“No way in hell! Let’s get out of here”!
The feeling of extreme triumph filled me.
Idiots on ErciyesThe nice looking, 3917 meter high Erciyes was looming above us. We were dead set on giving the summit a try. We had no equipment whatsoever. I was in sandals and had wrapped my thermal underwear pants around my head to keep warm in the chilly, snow filled winds. My traditional Pakistani, baggy cotton pants were flapping all over the place. The sandals were not ideal for the icy and snowy parts, but after some time we reached a foresummit at 3700m without too much difficulty.
A Swiss-French team arrived from the higher reaches. They stared at us with a lot of disdain and contempt. They were roped, with helmets and the whole kit.
Cheerfully we greeted them.
“Hi! Did you reach the summit”?
“No. The weather is really bad, if you haven’t noticed. We’re going down. It looks too bad”.
“Come on. Some clouds, that’s it”.
We got a fierce and lengthy diatribe about how stupid we were going up the way we were dressed and on top of that, without any equipment in the beginning of a storm.
“It’s our lives. None of your business. We can take care of ourselves”.
“Yeah, that’s what I hear every year in the Alps and idiots like you die by the numbers there”. But you’re right. It’s your lives. Go ahead. Go kill yourselves”.
The leader of the group was a large man with a face that radiated strength. We departed and whispered something about chickens. We didn’t dare to say it too loud.
We arrived at a steep rock tower. Clouds constantly swirled around it blocking the view, so we couldn’t determine which route to take. Torbjörn decided to attack it head on, straight up the face. For some time it worked out fine. The rock was really rotten and my soft sandals weren’t optimal for rock climbing. Rocks which Torbjörn had dislodged swept past me from time to time. I removed my sandals to get a better grip. I instantly cut myself on the sharp rock.
“Get out of the way”!
I threw myself out of the way, just in time to make way for a 1.5x1 meter sized boulder, crushing past me at high speed. After taking short falls, drawing some blood here and there, we finally decided to give up. Depressed, full with the feeling of failure we jogged down towards the lowlands again. A blizzard hit when we reached 2800m. We couldn’t see the higher reaches of Erciyes anymore. Cold and shivering we arrived to the place where we had hidden our bikes and rolled down with only one thing in mind: We had to find a place with warmth.
Idiots in SyriaThe little desert road looked very tempting. A Bedouin told us (with sign language) it didn’t lead anywhere. Of course we had to try it out. From our crude photo copy map from a guide book, we knew there was a large road on the other side of the desert. What could go wrong?
An intense thunderstorm hit us the first night. We were extremely exposed to lightning on the completely flat surface of the desert. We moved the tent to the only little depression we could find and re-pitched it there. After half an hour the rain arrived with a force I have only experienced in hurricane and monsoon areas.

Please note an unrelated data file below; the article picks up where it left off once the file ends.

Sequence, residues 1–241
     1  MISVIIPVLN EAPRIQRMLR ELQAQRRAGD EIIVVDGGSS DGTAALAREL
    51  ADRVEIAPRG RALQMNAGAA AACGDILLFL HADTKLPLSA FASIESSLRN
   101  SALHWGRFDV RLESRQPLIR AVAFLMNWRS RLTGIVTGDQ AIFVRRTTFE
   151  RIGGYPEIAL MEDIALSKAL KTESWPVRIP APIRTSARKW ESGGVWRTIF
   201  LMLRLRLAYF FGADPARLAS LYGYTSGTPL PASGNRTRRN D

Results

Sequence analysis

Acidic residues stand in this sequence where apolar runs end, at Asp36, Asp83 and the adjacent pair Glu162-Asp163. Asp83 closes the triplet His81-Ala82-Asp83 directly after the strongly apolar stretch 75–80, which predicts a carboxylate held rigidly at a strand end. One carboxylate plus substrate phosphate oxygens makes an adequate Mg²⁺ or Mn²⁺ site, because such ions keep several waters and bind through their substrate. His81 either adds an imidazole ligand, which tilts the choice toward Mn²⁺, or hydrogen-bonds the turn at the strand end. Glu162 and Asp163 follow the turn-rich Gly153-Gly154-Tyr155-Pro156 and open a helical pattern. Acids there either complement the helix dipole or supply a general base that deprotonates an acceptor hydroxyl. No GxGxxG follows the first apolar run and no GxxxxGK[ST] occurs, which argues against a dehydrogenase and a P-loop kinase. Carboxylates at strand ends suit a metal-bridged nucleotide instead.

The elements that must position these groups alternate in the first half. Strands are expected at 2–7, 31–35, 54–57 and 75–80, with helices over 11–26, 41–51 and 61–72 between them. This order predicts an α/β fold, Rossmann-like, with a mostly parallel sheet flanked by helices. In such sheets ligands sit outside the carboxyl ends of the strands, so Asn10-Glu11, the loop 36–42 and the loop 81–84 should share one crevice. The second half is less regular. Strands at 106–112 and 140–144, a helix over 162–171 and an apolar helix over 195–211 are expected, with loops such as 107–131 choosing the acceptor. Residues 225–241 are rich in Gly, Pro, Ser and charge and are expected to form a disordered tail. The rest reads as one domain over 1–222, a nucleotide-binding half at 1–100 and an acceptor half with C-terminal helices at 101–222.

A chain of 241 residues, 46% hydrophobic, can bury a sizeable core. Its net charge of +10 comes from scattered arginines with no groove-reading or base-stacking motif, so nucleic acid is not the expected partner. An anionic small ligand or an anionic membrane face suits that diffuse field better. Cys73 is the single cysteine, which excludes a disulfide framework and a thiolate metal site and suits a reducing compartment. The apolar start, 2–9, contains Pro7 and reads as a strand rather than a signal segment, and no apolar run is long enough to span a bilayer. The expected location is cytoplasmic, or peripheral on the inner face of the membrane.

It all of a sudden felt strange to lie on my mattress. It was moving when I moved. It felt softer than ever. A feeling of being in a boat appeared. I opened the zipper to the vestibule. It was full of water. The tent was floating! The little depression we camped in was about to fill up with water.
The rest of the night was no fun. We covered ourselves with the tent lying in the mud on the lowest point that wasn’t filled with water.
To make a long story short, we cycled through the desert for another four days. Most of the time we found small paths which probably had been made by Bedouins. At one point we ran out of water completely. A day and a half later two Bedouins appeared from out of nowhere and gave us a dozen tomatoes. The liquid from the fruits kept us going, but when we finally arrived in civilization I felt quite a lot of pain in my kidneys.
Idiots in LebanonOur new won friends fired off round after round with different kind of weapons. We were amazed by their arsenal and tried out various types of guns and rifles. We were in a small mountain area in the very infamous Bekaa Valley. It was said to be a notorious nest for all kind of “bad people”, most notably terrorists and kidnappers.
We had made a very doubtful decision to accept an invitation from some guys in a Range Rover. We could sleep in their place and have food later, but first they had to go training a bit in the mountains.
“Don’t worry, we’re not kidnappers, just normal guys with an interest for weapons”, had convinced us there was no danger lurking.
Torbjörn had had some bad stomach problems for some time and he didn’t touch any of the wonderful food on the table. I felt a bit bad as well. After the time in the Syrian desert we had eaten some bad food. The girl looked seriously at us.
“You can’t cross the pass. It’s not impossible. It’s…very, very impossible”.
Regarding the way we felt, slightly feverish and with unpredictable stomachs, I considered to give up the plan of climbing the highest peak (Qornet es-Saouda) of Lebanon and also give up the planned crossing of the Middle East’s highest road pass.
But could we give up?
No, we were so close and we had fought so hard to get where we were. It was one of the planned highlights of our trip. We just had to continue and how impossible could it be?
There was snow on the side of the road. Sometimes meters deep. The road was clear to quite high up. Torbjörn felt really bad. We had to camp. He was throwing up all night and the weather deteriorated. Our situation had changed from bad to miserable.